What has been successful for you so far?
I think people like to see and support local businesses. For us, it has been great to build relationships with our suppliers and in turn it has been great to develop relationships with our customers. Although we are an online business, I feel very connected and genuinely care about all of our customers. I think it is that constant contact and attention to customer service that has been hugely important to our success thus far.
You have been doing this only a year with already so much success, how have you been so successful in the notoriously difficult floristry business?
I think this is where my financial background came into play. I wanted to get into floristry but knew that it was a mature and declining market so the question was – how do I make floristry work in 2014? I tried to look at all of the negative aspects of the market and think of ways to overcome them. I think going online and limiting inventory are two ways we have been able to update the out-dated floristry model. We have also tried to reinvent the traditional style of arrangement and make our shopping experience easy for time poor people. We have made loads of mistakes but we try to learn from them and improve as we go.
What are some of the most exciting parts of running your own business?
You get to wake up each morning and genuinely LOVE what you do. I don’t think there are too many people in the world that are able to make a living out of their passion in life. I feel very lucky.
What has been some of the biggest challenges for you?
The biggest challenge undoubtedly was starting a business and having a baby within a year – it has been a crazy 12 months!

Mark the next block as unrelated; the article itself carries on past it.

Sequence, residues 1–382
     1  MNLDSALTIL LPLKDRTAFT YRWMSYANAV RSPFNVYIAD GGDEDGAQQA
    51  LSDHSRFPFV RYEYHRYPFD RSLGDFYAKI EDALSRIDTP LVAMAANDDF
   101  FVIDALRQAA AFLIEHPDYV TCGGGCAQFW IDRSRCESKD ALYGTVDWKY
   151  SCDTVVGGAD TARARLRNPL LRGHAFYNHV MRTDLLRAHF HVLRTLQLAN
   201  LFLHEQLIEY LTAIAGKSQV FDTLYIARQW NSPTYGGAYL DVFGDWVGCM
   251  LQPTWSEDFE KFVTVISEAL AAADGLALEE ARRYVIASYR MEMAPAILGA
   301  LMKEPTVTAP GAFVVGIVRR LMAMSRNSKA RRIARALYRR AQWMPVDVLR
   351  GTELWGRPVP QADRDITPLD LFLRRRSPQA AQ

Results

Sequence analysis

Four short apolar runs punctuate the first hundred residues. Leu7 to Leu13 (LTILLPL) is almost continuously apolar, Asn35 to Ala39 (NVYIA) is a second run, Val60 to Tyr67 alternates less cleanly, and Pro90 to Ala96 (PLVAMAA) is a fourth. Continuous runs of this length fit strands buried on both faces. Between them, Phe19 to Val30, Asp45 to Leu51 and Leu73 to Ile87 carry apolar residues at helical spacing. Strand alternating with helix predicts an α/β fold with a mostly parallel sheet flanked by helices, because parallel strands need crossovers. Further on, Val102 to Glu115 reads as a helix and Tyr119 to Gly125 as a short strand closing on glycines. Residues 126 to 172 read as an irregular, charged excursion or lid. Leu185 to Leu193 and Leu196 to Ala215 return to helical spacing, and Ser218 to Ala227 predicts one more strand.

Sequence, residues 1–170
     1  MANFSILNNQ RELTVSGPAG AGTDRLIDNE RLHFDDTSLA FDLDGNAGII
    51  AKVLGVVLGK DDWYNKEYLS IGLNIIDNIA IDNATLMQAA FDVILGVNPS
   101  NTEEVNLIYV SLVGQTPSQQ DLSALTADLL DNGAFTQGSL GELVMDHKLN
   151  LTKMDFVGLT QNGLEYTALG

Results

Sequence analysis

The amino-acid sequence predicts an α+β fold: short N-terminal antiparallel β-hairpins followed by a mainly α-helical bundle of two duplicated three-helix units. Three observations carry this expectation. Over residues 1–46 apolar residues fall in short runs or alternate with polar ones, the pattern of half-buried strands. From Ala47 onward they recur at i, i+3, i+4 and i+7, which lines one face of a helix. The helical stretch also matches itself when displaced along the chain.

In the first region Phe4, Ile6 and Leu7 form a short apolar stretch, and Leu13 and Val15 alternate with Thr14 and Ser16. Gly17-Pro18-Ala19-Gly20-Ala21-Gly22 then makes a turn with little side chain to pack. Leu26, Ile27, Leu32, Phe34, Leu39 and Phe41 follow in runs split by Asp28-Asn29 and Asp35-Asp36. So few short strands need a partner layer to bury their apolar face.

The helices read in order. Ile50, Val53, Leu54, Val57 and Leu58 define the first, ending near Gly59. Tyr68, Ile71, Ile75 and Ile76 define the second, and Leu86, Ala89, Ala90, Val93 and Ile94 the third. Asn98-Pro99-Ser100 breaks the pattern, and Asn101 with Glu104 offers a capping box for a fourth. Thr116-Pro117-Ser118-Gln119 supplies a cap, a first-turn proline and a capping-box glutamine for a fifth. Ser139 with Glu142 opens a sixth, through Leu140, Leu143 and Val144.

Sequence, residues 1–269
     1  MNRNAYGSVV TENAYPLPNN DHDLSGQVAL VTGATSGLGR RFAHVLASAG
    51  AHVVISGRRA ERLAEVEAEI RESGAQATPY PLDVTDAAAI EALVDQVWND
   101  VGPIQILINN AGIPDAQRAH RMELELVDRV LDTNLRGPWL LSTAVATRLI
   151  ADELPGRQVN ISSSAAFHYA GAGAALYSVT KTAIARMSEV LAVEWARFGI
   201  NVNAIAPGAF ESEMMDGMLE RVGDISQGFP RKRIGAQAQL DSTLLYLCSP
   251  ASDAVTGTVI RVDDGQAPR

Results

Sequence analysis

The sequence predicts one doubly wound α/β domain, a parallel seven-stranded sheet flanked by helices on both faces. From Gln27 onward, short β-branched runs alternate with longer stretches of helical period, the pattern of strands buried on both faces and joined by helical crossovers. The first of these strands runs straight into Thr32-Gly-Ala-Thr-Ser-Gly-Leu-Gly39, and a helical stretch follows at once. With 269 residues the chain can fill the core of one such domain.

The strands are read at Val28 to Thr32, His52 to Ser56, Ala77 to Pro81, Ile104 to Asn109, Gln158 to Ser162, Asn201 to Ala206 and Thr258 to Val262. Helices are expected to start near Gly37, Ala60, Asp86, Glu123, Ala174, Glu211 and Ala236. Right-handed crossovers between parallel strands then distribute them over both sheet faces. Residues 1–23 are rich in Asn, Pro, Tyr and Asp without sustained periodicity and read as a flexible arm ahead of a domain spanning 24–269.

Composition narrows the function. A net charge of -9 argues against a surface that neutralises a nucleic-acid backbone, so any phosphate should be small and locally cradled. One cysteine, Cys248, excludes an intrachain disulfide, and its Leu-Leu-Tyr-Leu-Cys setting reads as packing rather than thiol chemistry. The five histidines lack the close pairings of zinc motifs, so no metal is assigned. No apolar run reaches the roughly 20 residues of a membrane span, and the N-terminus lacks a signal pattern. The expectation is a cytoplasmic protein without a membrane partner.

What’s next for DAILYBlooms?
I have so many ideas for DAILYBlooms and I feel like I am bursting with excitement to do them all. To start with, we are constantly asked to open in other cities around Australia so I plan to expand to other locations very soon.
What advice would you give to someone wanting to start his or her own business?
Be adaptable and continue to evolve. I’ve made loads of mistakes but by reacting quickly to different challenges we have not only managed to survive our first year of business but have been able to grow beyond my expectations.
How do you define success?
To me success is about being happy. Recently (since the baby was born) I have adopted a little routine of sitting down at the end of the day when everything is quiet and taking a deep breath (and a sip of wine) and thinking about everything I have done in the day and I just feel proud.
What would you say to your 21-year-old self?
Be brave and bold.
What person dead or alive would you invite to a dinner party and why?
Well I have a bit of a weird fascination with Nigella Lawson and Martha Stewart and I would like to be a dinner guest at one of their dinner parties rather than invite them as my dinner guest (for obvious reasons). I am not sure if it is because I am completely useless in the kitchen or if I admire that they have both built empires from their passion. I am hoping it has nothing to do with their dubious histories. In any event I think they would have some interesting stories and I would love to hear them.